Apparently The USTR Thinks 'Unprecedented Transparency' Means Hiding TPP Details From 98% Of Congress
from the that's-mighty-opaque-transparency dept
We just wrote about the new bill proposed by Senator Wyden after discovering that the USTR refused to share the TPP with the staff director of the Senate Finance Committee’s Subcommittee on International Trade, Customs and Global Competitiveness — who, officially, is supposed to have oversight on trade negotiations. However, the USTR (apparently with the support of the administration) has gone rogue, and is effectively hiding all the details of what it’s negotiating on from Congress. While Ron Kirk likes to continually talk up how many meetings USTR has held (behind closed doors) with Congress, he conveniently ignores the fact that he is still keeping the US’s negotiating position away from Congress.
Reading through the specifics of Wyden’s speech, you begin to realize that the USTR and the Administration appear to have interpreted the law that creates the Congressional Oversight Group (COG) to mean that the USTR no longer has to share information with anyone in Congress (as it has claimed in the past), but that it only has to share TPP negotiating documents with the members of Congress who are on the Congressional Oversight Group. That’s around 12 members. Out of 535 members of Congress between Senators and Representatives (in the House). In other words, despite the fact that Congress has clear oversight concerning international trade negotiations, and despite the fact that the Congressional Oversight Group was set up specifically to increase oversight of the USTR, the administration has decided that it really means it can keep its negotiating position from about 98% of Congress.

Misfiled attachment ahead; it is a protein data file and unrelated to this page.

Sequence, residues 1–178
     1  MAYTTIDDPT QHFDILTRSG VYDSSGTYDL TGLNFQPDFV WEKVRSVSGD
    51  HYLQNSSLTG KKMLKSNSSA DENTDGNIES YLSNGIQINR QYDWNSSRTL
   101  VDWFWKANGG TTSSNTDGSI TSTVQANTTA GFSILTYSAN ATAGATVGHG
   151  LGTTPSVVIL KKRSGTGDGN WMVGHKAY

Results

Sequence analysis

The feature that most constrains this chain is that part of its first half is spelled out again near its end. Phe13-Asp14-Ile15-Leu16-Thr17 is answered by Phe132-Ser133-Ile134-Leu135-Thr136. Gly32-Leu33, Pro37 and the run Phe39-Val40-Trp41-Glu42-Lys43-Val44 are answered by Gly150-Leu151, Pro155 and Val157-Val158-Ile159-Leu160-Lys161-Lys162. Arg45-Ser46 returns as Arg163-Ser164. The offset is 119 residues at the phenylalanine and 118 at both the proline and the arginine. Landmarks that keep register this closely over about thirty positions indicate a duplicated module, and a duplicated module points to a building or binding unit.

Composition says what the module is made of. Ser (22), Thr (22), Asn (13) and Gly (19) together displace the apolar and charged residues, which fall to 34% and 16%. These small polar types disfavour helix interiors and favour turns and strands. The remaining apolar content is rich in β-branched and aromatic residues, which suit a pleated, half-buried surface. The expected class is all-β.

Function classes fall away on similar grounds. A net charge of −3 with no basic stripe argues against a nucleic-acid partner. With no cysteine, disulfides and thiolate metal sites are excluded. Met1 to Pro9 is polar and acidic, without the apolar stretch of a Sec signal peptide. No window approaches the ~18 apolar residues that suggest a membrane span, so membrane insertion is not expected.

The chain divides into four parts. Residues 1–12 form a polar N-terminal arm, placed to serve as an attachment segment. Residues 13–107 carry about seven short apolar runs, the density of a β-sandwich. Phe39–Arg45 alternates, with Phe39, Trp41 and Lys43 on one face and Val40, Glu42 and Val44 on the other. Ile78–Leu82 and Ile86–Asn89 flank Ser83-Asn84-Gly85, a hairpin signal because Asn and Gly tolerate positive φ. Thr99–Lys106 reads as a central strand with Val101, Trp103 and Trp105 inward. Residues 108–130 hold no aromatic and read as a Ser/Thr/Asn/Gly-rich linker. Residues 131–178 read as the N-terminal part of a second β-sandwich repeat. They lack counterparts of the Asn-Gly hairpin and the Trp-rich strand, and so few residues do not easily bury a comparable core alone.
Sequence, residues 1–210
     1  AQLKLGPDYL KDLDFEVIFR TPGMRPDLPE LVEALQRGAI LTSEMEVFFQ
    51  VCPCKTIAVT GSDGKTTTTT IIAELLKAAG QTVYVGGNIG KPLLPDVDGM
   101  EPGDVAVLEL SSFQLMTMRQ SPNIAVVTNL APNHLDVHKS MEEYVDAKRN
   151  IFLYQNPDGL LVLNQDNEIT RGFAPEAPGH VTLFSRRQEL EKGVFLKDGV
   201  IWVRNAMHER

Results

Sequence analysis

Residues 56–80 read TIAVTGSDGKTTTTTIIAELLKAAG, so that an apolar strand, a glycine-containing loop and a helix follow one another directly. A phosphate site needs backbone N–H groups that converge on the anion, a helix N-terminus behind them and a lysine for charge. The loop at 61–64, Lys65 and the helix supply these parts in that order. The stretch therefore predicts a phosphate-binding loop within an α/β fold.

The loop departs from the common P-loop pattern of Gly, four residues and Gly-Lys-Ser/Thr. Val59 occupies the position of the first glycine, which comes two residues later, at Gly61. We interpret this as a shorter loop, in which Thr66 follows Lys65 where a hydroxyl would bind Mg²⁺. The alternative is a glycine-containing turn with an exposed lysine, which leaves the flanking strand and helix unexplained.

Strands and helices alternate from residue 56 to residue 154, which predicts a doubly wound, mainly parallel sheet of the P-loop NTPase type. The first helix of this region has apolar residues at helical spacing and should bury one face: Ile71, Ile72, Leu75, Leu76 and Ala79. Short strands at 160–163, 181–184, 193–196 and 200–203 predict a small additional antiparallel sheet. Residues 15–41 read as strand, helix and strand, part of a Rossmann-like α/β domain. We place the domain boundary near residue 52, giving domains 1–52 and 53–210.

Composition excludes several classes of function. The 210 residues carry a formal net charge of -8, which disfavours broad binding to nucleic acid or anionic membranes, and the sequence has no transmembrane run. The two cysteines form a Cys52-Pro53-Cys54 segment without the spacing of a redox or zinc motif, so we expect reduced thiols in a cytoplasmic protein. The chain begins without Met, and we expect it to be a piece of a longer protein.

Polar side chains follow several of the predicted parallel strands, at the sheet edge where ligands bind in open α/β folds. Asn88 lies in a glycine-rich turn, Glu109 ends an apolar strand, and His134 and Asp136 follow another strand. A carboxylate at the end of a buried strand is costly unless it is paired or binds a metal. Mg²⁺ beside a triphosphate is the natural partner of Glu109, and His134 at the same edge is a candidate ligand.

This is part of why Wyden seems so reasonably concerned. The USTR is taking the creation of COG, and basically flipping it on its head. The whole purpose of COG was to increase transparency. And yet, the USTR continues to effectively ignore it, while pretending that it only has to share TPP info with a tiny fraction of Congress, leaving the rest in the dark until it’s too late. That’s insane. How is the Senate supposed to have oversight if the USTR’s own interpretation of the law means that it can effectively reject any effort to oversee it? It’s incredible that the USTR seems to be claiming significant powers that it simply does not have — and even more obnoxious and intellectually dishonest for it to then claim that it’s offering “unprecedented transparency.”
I’m sure that the USTR is holding the meetings with Congress that it claims, but until Ron Kirk learns that transparency means revealing what you’re doing, not just listening to what others say, the USTR is not being even the slightest bit “transparent.” Instead, it’s abusing the process at the expense of the American public.